Beneath the cliffs “disappeared” for a hundred years as it first appeared

In 1908, plant hunter Ernest Henry Wilson collected specimens of sharp-toothed spears while collecting plant resources in Washan, Sichuan, all of which were in the fruit stage.

In 1913, botanists Lucenor and Alfred Reddell officially named the species based on specimens collected by Wilson.

In the next hundred years, the species was collected only once, from a young volunteer team sent by Lu Zuofu between 1928 and 1930. However, in this specimen’s account, there are no leaves and no flowers, only fruits, and the “identity” is doubtful.

Many botanists and enthusiasts have followed In Wilson’s footsteps and visited the so-called “Washan Mountain”, just to see the “fang” of the sharp-toothed guard spear, and it is difficult to find it.

But in a canyon in Jiulong County, Sichuan Province, on the southeast slope of Gongga Mountain, it “disappeared” again after a hundred years. On July 5, the Chengdu Institute of Biology of the Chinese Academy of Sciences (hereinafter referred to as “Chengdu Institute of Biology”), together with researchers from Chongqing Normal University and Sichuan Academy of Forestry, published a paper entitled “Rediscovery of wild populations of the sharp-toothed Wei spear (Wei Mao family) in the international plant taxonomic journal “Plant Essentials: Flowering Characteristics, Taxonomic Attribution, Naming and Rare Status”.

This is the first time that the species has been investigated by Chinese scientists in the living population after a hundred years of hermitage, and the characteristics of flowers have been recorded for the first time. Based on the morphological evidence and molecular genetic evidence of flowers and fruits, the researchers reconfirmed their taxonomic status, assessed the threat situation by the population and habitat of the sharp-toothed spear, and discussed and determined the correct scientific name terms in accordance with the relevant naming conventions.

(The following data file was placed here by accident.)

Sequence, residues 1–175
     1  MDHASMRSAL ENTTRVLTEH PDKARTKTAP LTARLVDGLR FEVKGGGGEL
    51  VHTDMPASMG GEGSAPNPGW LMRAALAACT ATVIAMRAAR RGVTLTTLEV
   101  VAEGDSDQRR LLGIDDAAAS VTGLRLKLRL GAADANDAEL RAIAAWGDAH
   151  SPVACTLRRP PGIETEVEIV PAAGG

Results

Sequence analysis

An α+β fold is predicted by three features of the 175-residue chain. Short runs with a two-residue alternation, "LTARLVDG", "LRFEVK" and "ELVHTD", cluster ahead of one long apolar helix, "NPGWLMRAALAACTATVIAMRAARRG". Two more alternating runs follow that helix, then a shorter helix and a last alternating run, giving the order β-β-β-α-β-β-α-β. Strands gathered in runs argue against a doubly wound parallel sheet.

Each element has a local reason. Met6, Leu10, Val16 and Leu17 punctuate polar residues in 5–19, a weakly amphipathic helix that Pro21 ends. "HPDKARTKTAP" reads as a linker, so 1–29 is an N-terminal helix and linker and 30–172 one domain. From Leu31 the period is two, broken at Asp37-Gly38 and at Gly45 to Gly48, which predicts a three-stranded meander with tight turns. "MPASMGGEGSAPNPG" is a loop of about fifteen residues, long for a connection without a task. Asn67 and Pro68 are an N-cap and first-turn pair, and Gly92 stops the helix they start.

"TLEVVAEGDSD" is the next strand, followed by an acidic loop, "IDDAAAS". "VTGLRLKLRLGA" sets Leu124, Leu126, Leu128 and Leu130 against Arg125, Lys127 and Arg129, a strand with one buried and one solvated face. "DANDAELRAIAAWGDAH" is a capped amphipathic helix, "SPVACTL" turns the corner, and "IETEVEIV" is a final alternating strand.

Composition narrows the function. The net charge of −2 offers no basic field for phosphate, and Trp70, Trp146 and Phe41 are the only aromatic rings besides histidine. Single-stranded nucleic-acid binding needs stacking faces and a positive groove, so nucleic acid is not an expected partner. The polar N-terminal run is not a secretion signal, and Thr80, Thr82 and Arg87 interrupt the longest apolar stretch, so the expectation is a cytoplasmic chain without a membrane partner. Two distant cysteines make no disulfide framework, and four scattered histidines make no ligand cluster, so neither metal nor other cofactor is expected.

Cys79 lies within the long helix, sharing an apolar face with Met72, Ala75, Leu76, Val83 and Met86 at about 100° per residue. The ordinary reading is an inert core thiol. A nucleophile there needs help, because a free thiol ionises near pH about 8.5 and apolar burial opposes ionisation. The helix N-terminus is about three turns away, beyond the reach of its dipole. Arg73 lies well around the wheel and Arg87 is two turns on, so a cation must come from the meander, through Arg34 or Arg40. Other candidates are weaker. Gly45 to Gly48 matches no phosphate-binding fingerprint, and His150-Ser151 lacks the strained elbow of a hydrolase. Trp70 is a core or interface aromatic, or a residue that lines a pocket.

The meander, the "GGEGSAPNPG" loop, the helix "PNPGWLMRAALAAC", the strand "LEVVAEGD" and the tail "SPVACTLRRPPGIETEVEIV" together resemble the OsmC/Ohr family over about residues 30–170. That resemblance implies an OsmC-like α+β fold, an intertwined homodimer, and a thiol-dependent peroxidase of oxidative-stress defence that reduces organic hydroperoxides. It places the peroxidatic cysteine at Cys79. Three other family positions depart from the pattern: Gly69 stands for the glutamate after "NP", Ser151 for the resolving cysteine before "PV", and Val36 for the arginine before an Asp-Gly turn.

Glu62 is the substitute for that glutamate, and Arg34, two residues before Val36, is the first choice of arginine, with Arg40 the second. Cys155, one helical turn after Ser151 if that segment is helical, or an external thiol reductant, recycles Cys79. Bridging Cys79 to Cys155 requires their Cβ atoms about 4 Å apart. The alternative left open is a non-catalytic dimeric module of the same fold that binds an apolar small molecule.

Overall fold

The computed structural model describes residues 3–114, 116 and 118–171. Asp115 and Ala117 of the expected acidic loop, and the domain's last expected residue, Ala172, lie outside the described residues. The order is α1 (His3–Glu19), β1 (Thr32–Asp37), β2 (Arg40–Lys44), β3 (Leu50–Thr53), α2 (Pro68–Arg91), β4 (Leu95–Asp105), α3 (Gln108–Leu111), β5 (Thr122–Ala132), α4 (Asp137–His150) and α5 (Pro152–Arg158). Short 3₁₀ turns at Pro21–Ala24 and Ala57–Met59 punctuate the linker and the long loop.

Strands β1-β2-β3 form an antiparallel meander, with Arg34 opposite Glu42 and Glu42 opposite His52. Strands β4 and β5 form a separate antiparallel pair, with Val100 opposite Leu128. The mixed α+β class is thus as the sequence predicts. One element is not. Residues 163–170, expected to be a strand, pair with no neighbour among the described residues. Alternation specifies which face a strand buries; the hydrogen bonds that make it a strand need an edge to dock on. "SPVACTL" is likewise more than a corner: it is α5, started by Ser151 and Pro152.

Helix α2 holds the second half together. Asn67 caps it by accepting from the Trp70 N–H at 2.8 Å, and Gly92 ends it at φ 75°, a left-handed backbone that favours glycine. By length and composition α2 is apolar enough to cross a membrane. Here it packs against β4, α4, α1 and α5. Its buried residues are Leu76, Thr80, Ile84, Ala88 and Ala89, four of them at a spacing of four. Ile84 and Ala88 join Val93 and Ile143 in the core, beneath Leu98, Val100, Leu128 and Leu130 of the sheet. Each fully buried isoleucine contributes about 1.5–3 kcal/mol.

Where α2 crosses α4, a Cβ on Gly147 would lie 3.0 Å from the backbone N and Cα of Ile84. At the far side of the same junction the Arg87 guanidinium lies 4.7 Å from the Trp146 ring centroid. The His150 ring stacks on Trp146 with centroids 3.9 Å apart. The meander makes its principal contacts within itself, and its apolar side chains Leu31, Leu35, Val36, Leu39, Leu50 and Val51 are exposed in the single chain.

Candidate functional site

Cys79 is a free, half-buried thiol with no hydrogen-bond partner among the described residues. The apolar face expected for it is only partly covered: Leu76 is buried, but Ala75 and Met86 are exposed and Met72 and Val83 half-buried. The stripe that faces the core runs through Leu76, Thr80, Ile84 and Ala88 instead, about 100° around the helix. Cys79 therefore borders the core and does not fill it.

Hu Jun, assistant researcher of the forest ecological process and regulation project team of Chengdu Institute of Biology, Zhang Junyi, graduate student of Chongqing Normal University, are the co-first authors, Liu Qing, researcher of Chengdu Institute of Biology, and He Hai, professor of Chongqing Normal University, are co-corresponding authors.

Sharp-toothed guard spear Euonymus aquifolium Loes. Photo of Rehder wax leaf specimen (Main mode specimen collected by A. Wilson B. Hu Jun et al. 2021 newly collected specimen courtesy of the interviewee)

Hidden in the world for a hundred years, there is no trace

When asking his peers about the plants of the Family Venidae, Hu Jun noticed the sharp-toothed spear (holly groove petal) of this species that has been hidden for a hundred years.

According to him, in November 1908, Wilson collected specimens of the sharp-toothed guard spear in Washan, Sichuan. The three specimens collected were duplicate specimens of the same number, but all were in the fruit stage. In 1913, Lucenor and Alfred Reddell officially named the species based on the specimen.

In the flora of Sichuan, volume 4 (1988), experts in the Wei spear family translated it according to the original published text, and Chinese for it to be named The Sharp-toothed Wei Spear, and recorded the distribution location as Washan mountain in Hongya County, Sichuan Province.

More specific geographical locations of species are no longer available for search and traceability through relevant references.